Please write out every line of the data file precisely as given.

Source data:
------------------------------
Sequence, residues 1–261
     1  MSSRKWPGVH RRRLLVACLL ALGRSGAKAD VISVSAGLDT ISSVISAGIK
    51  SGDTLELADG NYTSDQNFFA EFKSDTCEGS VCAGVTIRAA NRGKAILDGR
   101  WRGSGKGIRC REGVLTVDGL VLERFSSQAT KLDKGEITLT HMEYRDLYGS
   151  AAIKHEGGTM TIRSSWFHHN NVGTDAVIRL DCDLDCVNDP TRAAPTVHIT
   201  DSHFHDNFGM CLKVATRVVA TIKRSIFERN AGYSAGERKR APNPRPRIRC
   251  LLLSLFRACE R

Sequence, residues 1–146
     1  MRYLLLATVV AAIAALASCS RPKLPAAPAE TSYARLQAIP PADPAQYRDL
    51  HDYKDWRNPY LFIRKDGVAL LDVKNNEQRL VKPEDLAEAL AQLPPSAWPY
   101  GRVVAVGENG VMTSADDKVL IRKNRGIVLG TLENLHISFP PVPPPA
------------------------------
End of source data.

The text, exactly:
Sequence, residues 1–261
     1  MSSRKWPGVH RRRLLVACLL ALGRSGAKAD VISVSAGLDT ISSVISAGIK
    51  SGDTLELADG NYTSDQNFFA EFKSDTCEGS VCAGVTIRAA NRGKAILDGR
   101  WRGSGKGIRC REGVLTVDGL VLERFSSQAT KLDKGEITLT HMEYRDLYGS
   151  AAIKHEGGTM TIRSSWFHHN NVGTDAVIRL DCDLDCVNDP TRAAPTVHIT
   201  DSHFHDNFGM CLKVATRVVA TIKRSIFERN AGYSAGERKR APNPRPRIRC
   251  LLLSLFRACE R

Sequence, residues 1–146
     1  MRYLLLATVV AAIAALASCS RPKLPAAPAE TSYARLQAIP PADPAQYRDL
    51  HDYKDWRNPY LFIRKDGVAL LDVKNNEQRL VKPEDLAEAL AQLPPSAWPY
   101  GRVVAVGENG VMTSADDKVL IRKNRGIVLG TLENLHISFP PVPPPA